Despite its effects in the northern Gulf of Mexico, only one person was directly killed from the storm there; a man drowned off the coast when he fell off his sailboat near Fort Morgan, Alabama. One indirect casualty also occurred in the area, when a man had a heart attack while trying to secure a boat off the Alabama coast during the storm. Numerous roads became flooded and impassable for several days, south and along I-10 in Mobile, south and central Choctaw, and Baldwin counties. Along the Fowl and Fish rivers, in Mobile and Baldwin counties respectively, significant damage to homes occurred due to flooding. Most roads on Dauphin Island were flooded in over a foot of water. A few homes were close to falling into Mobile Bay, and one home had to be moved backwards towards land to prevent its destruction. At the peak of the storm in Alabama, at least 44,000 people were without power in Mobile and Baldwin counties. In rural Choctaw County, north of Mobile, several families were rescued from flooded roads and trapped cars. The majority of houses and businesses on Dauphin Island and buildings from the western shore of Mobile Bay, and from Fort Morgan east to Orange Beach had roof damage. $60.5 million (1997 USD, $77 million 2007 USD) in total property damage occurred in Alabama, in addition to pecan and pine tree damage costing $2.5 million (1997 USD, $3.21 million 2007 USD).
In the state of Florida, Some damage to the cotton crop occurred in Escambia County. Otherwise in northwestern Florida, very little damage resulted from the storm. The Panama City area had some minor fresh water flooding. By the time Danny reached Georgia and the Carolinas, its impact potential had weakened, though it still managed to cause 8-12 inches (203.2-304.8 mm) of rain as it drifted through the western portions of the states. A severe thunderstorm cell in South Carolina produced five tornadoes that touched down, one of which killed a woman in her destroyed duplex while passing through Lexington County. A F2 tornado began 4 miles (6.4 km) northeast of Gaston, South Carolina, which ended 7 miles (11 km) northeast of Gaston, with a width of 200 yards (183 m) and a length of 4 miles (6.5 kilometers), caused $942,000 (1997 USD, $1.21 million 2007 USD) in damage. It killed one person, injured 6 others, destroyed 2 houses, 2 apartments, and 7 mobile houses, damaging many others. Several tornadoes and waterspouts were spawned over Virginia; most of them occurred in Norfolk, Portsmouth, and Hampton. A F1 tornado occurred 1-mile (1.6 km) south of Norfolk, with a width of 50 yards (46 m) and a length of 1-mile (1.6 km), caused $400,000 (1997 USD, $513,890 2007 USD) in damage. It destroyed one car wash, six other businesses had major roof damage, and one other house had damage. Rainfall in Fayetteville measured 2.85 inches (72.4 mm) of rain, while the remainder of the Mid-Atlantic states received approximately 3 inches (75 mm) of rain.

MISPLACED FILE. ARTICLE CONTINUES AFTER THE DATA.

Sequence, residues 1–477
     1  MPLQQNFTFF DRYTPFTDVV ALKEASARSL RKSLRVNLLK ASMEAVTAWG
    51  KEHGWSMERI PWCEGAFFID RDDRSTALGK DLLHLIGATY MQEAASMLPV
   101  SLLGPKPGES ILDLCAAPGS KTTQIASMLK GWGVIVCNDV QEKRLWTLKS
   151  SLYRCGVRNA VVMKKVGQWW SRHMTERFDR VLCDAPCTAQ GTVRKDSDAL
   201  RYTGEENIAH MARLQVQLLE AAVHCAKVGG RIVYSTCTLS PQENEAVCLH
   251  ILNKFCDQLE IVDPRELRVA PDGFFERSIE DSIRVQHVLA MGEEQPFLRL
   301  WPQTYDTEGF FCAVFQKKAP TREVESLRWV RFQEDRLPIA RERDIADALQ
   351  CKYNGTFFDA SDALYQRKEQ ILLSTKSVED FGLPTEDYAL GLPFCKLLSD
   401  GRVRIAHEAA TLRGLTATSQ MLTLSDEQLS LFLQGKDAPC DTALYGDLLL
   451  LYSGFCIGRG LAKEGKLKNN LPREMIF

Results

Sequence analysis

The heavy rains caused two people to drown in Charlotte. A girl drowned after being swept into a creek by the floodwaters. Another woman drowned from the floodwaters while in her car. Four indirect deaths occurred from traffic accidents during the storm's onslaught in Georgia. The tornado in Portsmouth wiped out a car wash, caused six other businesses to suffer lesser damage, including a lumber company that had its roof torn off, and one large truck big-rig wheeler overturned. A severe drought had been in place in the Mid-Atlantic States during the month of July. Copious rainfall amounts helped bring a minor relief to the drought. Only minor damage occurred, despite strong winds experienced in southeastern Massachusetts. The minor damage included minimal flooding, power outages, and downed tree limbs.
Aftermath and records
Debris remained in the inland waters of Alabama, at least up until August 12, 1997. Endangered or threatened sea turtles, which all within U.S waters are identified as, lived in these waters. Specialized turtle exclusion devices, known as TED's, or specialized nets that allowed the turtles to escape them, were required before Danny for shrimp trawlers. The Director of the Marine Resources Division of the Alabama Department of Conservation and Natural Resources said that the "inordinate amount of debris is causing extraordinary difficulty with the performance of (TED's) in these areas." Therefore, the United States Environmental Protection Agency allowed an alternative to the TED's, of shorter tow times of a maximum of 55 minutes from April 1 through October 31, and a maximum of 75 minutes from November 1 through March 31. The EPA intended to minimize any sea turtle casualties as a result of allowing trawlers to remove the TED's.
The storm dropped 36.71 inches (932 mm) of rain on Dauphin Island, setting the new record for the most tropical or subtropical cyclone related rainfall in the state of Alabama, and is among the largest in the United States. The storm also became the earliest 5th tropical or subtropical storm of a season when it reached tropical storm strength on July 17. This record was broken in the 2005 Atlantic hurricane season when Hurricane Emily first attained tropical storm status on July 12, just five days earlier.
The name Danny was not retired by the World Meteorological Organization in the spring of 1998 and it was re-used in the 2003 Atlantic hurricane season. It is currently on the list of names to be used again in the 2009 Atlantic hurricane season.